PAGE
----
Murray’s Story Crossroads Festival grows during the pandemicMay 26, 2021 01:15PM ● By Shaun Delliskave
Youngsters prepare to deliver their stories at the Murray Storyteller Showcase. (Photo courtesy of Story Crossroads Academy)
By Shaun Delliskave | [email protected]
While most performing arts had to shutter during the pandemic, the Story Crossroads Festival expanded to include online and international performances. The festival ran May 10-13, virtually and in person at Murray Park.
“In 2020, Story Crossroads had an all-virtual festival that had audiences from each of the six major continents,” Story Crossroads Executive Director Rachel Hedman said. “For 2021, the nonprofit moves forward and declares that every year from now on will be hybrid, using the computer screen as well as venues such as Murray City Park.”
As host of the festival, the Story Crossroads Academy is a nonprofit organization with year-round oral storytelling events and arts education. The festival is their culminating event, featuring 40 youth and seniors sharing the stage with 15 multicultural story artists. This year marks their first hybrid festival of online and in-person.
“We believe the art of storytelling needs to be available to learn for all ages, peoples, and languages. We started the academy with two languages—English and American Sign Language (ASL)—and anticipate adding more languages, hopefully 100 at some point,” Hedman said. “We’ll take it one year at a time. Already, youth and adults from India, the United Kingdom, Italy, and throughout the United States have signed up for the free course.”
Back with its inaugural festival in 2016, the plan was always to live stream and broadcast. That timetable was pushed forward when faced with the pandemic.
“Ever since the 2020 virtual festival, Story Crossroads has been looked upon as a leader of storytelling from Singapore to Canada to here in the states. Meanwhile, the academy is in the works of becoming more than ‘Storytelling Basics in 8 Hours,’ but as possible continuing education for ASL interpreters,” Hedman said.
The academy hosts self-led, online storytelling courses, including the free Storytelling Basics in 8 Hours, complete with American Sign Language, open captioning, and handouts. The course has four modules and 16 lessons and introduces 10 storytelling genres, such as liar’s tale, folktale, fairy tale, personal narrative and historical.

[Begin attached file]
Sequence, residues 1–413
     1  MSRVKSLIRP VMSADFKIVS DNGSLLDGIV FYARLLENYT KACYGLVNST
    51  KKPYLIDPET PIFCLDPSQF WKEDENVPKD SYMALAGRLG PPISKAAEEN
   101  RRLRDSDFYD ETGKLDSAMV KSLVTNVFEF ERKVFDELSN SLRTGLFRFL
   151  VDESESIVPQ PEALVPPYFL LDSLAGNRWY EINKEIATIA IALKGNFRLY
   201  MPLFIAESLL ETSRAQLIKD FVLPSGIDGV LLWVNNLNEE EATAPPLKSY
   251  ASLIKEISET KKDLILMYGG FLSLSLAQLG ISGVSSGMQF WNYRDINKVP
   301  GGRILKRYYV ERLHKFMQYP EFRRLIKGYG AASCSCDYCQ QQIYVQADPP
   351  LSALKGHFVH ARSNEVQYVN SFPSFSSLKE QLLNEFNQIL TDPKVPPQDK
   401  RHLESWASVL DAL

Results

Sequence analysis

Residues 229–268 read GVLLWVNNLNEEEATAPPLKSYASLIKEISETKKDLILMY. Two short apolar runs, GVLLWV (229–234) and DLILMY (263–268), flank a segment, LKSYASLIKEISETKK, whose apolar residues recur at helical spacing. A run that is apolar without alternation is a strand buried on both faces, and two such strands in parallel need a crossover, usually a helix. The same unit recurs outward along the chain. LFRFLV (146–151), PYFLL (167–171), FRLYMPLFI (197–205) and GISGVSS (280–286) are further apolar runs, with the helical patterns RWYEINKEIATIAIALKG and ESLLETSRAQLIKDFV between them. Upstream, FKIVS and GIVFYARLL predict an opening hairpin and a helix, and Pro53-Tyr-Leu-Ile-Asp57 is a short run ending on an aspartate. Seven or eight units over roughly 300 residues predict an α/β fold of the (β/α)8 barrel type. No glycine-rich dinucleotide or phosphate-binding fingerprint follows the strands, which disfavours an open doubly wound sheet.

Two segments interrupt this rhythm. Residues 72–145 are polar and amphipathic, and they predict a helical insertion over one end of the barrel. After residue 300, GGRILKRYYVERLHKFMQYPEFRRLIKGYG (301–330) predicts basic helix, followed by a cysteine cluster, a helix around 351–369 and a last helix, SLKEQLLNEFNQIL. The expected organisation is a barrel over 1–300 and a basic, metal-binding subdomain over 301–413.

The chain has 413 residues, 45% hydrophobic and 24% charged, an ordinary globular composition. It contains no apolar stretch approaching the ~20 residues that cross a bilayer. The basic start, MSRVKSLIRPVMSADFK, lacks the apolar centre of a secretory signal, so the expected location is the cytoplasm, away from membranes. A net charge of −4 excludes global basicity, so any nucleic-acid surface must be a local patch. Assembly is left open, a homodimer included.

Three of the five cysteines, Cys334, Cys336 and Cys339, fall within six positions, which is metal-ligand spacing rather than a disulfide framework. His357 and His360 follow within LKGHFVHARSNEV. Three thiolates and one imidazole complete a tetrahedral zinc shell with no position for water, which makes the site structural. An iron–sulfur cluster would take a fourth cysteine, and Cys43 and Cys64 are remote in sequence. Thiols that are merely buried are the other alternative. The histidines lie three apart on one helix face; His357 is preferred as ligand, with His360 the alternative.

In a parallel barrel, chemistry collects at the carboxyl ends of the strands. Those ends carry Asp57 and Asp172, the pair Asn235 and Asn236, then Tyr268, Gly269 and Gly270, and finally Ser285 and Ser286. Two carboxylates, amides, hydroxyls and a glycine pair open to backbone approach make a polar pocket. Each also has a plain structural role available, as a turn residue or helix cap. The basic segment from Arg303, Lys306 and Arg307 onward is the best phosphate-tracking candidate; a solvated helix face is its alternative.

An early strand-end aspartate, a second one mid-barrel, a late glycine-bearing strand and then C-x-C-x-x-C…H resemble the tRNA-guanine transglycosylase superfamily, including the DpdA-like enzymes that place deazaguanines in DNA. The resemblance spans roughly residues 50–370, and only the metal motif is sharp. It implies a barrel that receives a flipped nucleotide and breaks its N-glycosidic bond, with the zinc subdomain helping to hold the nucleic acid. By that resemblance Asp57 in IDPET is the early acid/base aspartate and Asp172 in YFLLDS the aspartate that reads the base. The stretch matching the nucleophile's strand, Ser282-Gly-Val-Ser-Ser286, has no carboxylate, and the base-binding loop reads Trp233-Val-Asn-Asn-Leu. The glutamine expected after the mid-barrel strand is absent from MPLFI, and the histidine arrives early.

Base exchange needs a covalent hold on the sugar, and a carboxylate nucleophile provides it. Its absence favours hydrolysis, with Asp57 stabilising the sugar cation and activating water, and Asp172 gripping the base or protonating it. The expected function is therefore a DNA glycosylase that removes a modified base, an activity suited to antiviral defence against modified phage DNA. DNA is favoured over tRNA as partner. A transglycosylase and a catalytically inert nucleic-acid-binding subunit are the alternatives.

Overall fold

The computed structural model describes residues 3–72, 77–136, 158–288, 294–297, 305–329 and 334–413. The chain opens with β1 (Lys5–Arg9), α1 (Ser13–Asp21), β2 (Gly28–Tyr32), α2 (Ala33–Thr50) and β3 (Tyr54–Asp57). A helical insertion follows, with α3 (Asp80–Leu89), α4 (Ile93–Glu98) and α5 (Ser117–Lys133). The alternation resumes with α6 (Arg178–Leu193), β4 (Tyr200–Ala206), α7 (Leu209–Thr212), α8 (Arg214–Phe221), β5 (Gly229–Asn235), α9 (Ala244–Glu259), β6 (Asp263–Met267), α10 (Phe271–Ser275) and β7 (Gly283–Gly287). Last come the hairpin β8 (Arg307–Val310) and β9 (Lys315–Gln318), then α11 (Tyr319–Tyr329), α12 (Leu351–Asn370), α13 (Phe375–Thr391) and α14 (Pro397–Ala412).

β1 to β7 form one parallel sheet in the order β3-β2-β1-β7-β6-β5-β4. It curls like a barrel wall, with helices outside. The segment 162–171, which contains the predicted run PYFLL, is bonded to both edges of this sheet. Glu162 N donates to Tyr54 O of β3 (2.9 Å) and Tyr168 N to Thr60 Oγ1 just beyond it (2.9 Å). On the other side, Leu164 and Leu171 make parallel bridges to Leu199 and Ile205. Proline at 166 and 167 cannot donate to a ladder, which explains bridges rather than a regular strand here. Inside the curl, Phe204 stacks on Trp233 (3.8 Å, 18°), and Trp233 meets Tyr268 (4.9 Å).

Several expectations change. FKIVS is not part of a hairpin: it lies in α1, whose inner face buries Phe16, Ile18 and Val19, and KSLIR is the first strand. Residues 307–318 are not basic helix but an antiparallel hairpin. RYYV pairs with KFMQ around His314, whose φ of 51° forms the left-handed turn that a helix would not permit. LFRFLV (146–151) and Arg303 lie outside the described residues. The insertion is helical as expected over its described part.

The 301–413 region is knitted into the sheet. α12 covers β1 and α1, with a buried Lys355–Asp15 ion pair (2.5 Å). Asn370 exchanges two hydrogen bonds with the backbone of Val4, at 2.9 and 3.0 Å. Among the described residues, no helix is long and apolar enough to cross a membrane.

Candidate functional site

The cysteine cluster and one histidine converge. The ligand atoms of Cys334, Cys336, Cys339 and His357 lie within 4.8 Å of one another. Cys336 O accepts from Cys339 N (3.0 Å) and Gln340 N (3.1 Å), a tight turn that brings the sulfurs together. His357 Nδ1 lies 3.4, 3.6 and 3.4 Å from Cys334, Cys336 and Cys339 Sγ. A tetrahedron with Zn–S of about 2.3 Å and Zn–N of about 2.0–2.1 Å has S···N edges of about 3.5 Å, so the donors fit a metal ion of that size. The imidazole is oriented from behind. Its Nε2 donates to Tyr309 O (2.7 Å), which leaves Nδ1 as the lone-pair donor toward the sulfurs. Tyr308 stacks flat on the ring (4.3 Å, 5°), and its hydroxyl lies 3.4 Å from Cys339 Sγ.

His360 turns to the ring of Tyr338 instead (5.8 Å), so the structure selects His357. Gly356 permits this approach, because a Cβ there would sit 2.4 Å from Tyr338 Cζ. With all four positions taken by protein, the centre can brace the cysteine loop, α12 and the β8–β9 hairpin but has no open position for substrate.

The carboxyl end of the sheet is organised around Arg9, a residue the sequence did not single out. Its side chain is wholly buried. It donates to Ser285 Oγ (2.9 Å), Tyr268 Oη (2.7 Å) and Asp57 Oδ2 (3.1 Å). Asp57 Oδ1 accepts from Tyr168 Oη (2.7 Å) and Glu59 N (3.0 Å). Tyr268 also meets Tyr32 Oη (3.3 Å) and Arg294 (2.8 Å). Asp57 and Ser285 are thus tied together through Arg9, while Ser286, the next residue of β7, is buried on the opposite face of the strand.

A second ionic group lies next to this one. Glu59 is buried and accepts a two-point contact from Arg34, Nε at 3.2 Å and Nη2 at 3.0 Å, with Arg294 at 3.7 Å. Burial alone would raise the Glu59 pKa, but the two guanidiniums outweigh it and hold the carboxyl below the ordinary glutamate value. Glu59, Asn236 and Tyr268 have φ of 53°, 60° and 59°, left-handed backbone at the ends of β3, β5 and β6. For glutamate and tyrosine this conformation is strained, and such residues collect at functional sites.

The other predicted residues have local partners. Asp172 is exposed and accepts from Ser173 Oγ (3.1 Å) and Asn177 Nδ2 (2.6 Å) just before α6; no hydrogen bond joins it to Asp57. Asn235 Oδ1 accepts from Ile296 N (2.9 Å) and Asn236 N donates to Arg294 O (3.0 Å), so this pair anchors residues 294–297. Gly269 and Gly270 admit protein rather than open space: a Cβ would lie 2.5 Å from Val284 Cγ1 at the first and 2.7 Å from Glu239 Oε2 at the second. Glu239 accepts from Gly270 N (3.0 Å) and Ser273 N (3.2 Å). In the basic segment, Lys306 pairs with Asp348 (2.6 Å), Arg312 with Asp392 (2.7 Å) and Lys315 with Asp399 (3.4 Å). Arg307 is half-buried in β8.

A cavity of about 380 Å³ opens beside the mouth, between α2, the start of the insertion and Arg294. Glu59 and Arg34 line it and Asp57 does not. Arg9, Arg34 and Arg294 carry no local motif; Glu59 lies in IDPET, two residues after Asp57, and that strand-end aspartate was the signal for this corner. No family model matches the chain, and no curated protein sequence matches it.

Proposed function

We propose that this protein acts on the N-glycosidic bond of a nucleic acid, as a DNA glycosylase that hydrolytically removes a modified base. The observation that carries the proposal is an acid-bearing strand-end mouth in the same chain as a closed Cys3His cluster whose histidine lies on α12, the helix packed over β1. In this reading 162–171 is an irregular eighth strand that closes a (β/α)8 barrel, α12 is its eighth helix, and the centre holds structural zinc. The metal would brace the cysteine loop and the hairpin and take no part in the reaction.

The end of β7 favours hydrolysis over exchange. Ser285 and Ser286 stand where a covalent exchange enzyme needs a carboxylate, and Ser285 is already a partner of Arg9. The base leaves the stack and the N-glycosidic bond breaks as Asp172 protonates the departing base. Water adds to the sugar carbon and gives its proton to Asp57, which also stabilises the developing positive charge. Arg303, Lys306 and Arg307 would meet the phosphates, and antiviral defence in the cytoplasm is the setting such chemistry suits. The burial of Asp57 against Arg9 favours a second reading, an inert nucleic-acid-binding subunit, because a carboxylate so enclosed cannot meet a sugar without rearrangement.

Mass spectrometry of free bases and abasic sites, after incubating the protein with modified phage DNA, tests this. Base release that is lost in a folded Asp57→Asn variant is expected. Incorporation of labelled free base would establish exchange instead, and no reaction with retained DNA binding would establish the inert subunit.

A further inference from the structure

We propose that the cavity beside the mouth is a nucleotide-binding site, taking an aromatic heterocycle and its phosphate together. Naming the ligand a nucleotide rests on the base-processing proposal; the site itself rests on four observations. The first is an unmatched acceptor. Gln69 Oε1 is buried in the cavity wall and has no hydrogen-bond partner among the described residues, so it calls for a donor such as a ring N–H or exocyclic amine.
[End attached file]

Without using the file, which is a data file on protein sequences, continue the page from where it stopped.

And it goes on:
In 2014, Murray City Cultural Arts Director Mary Ann Kirk collaborated with Hedman at a community planning meeting for a Salt Lake County storytelling event. Kirk wanted another opportunity for the youth tellers with the Murray Storytelling Festival to share their stories. Hedman founded the academy, and the festival has expanded ever since.
Story Crossroads is a yearly festival in preparation for the World Story Crossroads kick-off in 2030. Once launched, the World Story Crossroads will be held once every four years, in an Olympic-style way, at Murray Park and its pavilions and amphitheaters. The six-day event will feature each of the six major continents through broadcasted state-of-the-art addresses, story workshops, cross-disciplinary papers, cultural explorations and performances. Some stories shared will merge other art forms such as dance, music, theatre, visual arts and film. The “off” years will be the Salt Lake County level of the Story Crossroads Festival.
The academy has reached out to Murray City schools, library and other venues, offering residencies for teachers to showcase the storyteller’s art. They also focus on youth, community, and senior tellers who have received guidance from certified story-teachers during free residencies.
“Besides teaching others the art, the purpose of the Academy is to allow people from Utah and beyond to be selected as community tellers to share the stage—virtually or in-person/proper-distanced—for the hybrid festival along with 15 story artists from Hungary, Alabama, Colorado and Utah,” Hedman said.
More information can be found online at www.storycrossroads.org.